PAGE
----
Over twenty-five years have elapsed since the criteria* that are currently used to verify claims for the discovery of a new element were set down. Given the fact that technology and verification methods have changed and improved in the last two decades, it is justified to ask the question if the criteria are still valid. The recent completion of the naming of the one-hundred and eighteen elements in the first seven periods of the Periodic Table of the elements provides a natural opportunity for a necessary expert review of these criteria in the light of the experimental and theoretical advances in the field. It is proposed to set up a project for an IUPAC/IUPAP Joint Working Group (JWG) to examine and update these criteria.
*Wapstra et al “Criteria that must be satisfied for the discovery of a new chemical element to be recognized”, Pure Appl. Chem., Vol. 63, No. 6, pp. 879-886 (1991); http://dx.doi.org/10.1351/pac199163060879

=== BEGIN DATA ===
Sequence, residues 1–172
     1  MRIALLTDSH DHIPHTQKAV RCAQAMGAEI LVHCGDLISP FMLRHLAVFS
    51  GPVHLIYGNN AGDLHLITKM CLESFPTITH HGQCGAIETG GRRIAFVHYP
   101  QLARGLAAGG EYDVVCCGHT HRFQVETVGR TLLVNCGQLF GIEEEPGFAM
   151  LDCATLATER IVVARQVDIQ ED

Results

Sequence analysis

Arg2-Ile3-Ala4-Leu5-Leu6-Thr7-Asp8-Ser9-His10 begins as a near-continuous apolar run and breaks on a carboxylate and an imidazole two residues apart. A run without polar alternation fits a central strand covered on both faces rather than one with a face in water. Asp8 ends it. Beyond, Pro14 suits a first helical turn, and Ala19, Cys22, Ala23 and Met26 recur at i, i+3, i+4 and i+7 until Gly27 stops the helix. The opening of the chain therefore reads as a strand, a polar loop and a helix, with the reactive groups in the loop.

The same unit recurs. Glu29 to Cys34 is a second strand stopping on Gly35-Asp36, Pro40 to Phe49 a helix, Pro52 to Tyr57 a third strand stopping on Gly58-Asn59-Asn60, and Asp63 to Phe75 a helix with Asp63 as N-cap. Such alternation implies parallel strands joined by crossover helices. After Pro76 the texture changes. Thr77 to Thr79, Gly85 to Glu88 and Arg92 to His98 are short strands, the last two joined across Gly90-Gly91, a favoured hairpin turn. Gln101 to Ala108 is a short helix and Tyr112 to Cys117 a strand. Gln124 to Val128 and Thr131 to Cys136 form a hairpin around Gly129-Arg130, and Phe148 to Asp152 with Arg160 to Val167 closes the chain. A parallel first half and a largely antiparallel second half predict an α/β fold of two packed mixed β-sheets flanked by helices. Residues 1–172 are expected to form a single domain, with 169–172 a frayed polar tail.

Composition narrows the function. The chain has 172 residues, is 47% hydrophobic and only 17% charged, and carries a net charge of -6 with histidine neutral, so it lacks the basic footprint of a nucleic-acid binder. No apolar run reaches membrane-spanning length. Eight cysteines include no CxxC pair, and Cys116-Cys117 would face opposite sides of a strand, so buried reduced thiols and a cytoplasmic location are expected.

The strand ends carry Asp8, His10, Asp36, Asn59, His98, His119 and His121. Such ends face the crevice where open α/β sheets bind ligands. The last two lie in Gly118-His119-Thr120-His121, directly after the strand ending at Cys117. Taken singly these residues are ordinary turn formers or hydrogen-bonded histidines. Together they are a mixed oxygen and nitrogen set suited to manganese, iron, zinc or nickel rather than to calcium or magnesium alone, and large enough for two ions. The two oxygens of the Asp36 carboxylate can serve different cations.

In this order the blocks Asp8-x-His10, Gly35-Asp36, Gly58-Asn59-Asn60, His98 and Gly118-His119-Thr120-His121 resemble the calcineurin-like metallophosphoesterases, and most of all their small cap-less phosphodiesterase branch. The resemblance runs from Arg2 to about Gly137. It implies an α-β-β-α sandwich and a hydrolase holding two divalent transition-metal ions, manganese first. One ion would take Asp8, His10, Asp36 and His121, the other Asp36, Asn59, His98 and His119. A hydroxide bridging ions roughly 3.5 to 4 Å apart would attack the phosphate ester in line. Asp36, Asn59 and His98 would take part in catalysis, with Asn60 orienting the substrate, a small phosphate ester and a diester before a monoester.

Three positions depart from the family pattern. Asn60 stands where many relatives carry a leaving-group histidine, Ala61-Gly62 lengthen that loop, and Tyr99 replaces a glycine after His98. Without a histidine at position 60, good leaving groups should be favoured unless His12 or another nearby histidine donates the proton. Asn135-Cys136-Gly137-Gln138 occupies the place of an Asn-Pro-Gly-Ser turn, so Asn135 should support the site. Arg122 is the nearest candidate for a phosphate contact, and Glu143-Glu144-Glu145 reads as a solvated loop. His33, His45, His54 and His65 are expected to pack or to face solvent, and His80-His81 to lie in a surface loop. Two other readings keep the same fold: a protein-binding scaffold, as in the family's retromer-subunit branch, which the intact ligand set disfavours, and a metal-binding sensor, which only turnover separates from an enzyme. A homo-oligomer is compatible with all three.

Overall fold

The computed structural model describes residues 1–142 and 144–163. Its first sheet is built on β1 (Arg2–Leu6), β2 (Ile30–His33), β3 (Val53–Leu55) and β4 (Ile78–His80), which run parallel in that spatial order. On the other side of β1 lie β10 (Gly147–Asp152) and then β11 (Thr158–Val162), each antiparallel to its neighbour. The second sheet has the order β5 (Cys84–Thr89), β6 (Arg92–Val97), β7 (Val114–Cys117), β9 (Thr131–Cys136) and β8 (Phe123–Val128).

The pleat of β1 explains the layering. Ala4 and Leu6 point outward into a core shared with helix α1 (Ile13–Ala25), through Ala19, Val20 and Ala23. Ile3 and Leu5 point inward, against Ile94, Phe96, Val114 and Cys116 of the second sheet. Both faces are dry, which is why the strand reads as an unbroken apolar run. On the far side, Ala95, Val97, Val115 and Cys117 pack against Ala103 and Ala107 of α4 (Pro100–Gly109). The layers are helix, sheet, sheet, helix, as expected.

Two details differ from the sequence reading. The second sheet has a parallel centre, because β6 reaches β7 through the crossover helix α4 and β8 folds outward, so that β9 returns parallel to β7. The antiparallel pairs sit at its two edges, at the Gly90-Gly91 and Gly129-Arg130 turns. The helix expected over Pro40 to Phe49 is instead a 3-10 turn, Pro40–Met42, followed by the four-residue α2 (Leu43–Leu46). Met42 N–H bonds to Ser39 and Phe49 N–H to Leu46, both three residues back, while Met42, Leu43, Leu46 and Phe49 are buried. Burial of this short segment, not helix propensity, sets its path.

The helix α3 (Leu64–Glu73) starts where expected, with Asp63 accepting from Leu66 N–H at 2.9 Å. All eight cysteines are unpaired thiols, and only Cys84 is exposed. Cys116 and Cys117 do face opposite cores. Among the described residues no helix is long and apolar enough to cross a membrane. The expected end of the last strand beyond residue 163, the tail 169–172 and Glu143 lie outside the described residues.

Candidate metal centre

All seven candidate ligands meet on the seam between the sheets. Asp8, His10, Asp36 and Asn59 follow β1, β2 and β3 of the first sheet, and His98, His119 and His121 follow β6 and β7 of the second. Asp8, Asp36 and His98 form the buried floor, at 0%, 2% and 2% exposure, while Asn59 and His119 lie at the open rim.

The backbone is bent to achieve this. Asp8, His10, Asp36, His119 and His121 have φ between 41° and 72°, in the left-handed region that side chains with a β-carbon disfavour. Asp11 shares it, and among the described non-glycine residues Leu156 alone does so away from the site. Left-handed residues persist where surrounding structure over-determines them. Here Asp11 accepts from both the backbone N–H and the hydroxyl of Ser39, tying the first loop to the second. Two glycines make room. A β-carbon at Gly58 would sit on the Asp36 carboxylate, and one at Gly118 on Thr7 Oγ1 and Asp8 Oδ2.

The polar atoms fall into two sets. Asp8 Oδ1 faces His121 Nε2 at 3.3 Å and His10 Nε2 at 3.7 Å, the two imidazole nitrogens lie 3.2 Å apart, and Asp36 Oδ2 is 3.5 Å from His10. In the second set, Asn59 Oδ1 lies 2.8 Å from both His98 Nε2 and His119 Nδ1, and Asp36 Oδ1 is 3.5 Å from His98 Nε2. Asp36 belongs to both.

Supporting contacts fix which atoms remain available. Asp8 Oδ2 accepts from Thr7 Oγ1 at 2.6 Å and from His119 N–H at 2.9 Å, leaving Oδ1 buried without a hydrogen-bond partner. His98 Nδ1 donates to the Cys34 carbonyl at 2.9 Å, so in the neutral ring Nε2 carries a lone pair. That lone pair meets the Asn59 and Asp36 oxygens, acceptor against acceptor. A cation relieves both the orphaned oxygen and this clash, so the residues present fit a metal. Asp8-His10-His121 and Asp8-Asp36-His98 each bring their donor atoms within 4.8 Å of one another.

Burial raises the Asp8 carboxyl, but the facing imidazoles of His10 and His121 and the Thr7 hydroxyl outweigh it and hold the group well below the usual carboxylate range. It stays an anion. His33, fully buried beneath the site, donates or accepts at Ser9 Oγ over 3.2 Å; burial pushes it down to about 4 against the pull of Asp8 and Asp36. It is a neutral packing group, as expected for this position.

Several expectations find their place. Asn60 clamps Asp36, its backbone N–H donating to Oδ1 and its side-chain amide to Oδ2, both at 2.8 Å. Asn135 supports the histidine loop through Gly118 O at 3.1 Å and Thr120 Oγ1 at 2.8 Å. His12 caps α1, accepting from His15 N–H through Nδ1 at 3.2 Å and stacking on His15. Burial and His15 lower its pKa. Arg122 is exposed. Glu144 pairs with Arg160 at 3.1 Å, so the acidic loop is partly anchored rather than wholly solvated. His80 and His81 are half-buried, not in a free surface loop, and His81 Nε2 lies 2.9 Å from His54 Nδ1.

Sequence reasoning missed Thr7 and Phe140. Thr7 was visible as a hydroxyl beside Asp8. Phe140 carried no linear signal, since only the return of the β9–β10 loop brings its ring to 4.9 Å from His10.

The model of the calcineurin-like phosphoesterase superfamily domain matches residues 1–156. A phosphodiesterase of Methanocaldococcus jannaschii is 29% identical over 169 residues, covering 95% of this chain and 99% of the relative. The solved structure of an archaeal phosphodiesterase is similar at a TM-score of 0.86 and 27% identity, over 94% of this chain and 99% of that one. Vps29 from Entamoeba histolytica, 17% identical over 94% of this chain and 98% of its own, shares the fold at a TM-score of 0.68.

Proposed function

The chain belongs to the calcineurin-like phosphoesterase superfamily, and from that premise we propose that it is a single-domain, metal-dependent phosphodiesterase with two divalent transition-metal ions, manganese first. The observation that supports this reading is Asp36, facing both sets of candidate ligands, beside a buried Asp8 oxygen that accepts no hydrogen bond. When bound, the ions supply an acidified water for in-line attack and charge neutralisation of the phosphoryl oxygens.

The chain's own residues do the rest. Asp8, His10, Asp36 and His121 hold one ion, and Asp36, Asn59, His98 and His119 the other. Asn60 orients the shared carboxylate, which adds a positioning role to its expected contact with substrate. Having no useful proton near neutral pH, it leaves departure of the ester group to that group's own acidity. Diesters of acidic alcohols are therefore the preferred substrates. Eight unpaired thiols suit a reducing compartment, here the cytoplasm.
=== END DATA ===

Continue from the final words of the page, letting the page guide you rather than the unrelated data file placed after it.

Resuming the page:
This JWG is set up for the specific task of reviewing and, if necessary, updating the criteria for validation of discoveries of new elements from 1991. This JWG is distinct from the IUPAC/IUPAP Joint Working Parties (JWP) which has and which – later – will evaluate actual claims of discovered new elements. Should the present JWG recommend any changes to these criteria, it will include in its report a recommendation on whether a JWP needs to be appointed to re-examine priorities assigned to any of the recently discovered elements based on these new criteria.
May 2018 – A draft of the technical report has been prepared and is under review.
The first meeting of the JWG was in May 2017 and a report prepared by Sigurd Hofmann, Sergey N. Dmitriev, Claes Fahlander, Jacklyn M. Gates, James B. Roberto and Hideyuki Sakai, was submitted to the Presidents of IUPAC and IUPAP May 25, 2018.
Nov 2018 update – A IUPAC/IUPAP Provisional Report titled “On the discovery of new elements” has been prepared and is available for comments till 31 March 2019 – see details. See also News item released 14 Nov 2018.
Page last updated 14 Nov 2018